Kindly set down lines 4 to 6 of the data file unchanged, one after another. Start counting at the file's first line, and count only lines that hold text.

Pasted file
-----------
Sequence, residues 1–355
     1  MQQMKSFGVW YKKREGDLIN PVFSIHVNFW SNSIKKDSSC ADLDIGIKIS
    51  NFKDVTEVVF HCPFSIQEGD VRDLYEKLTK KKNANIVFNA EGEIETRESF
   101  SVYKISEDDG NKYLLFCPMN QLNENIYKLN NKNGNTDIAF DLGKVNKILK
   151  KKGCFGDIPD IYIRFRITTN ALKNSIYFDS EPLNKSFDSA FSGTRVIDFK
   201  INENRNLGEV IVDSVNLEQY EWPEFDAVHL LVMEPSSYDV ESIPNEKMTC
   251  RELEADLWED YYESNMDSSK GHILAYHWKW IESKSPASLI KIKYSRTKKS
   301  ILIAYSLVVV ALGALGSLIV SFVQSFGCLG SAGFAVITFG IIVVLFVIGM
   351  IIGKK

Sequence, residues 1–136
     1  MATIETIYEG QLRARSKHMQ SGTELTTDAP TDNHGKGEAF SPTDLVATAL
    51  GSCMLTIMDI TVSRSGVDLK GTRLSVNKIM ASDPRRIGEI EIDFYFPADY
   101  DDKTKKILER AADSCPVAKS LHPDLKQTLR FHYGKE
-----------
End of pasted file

   101  SVYKISEDDG NKYLLFCPMN QLNENIYKLN NKNGNTDIAF DLGKVNKILK
   151  KKGCFGDIPD IYIRFRITTN ALKNSIYFDS EPLNKSFDSA FSGTRVIDFK
   201  INENRNLGEV IVDSVNLEQY EWPEFDAVHL LVMEPSSYDV ESIPNEKMTC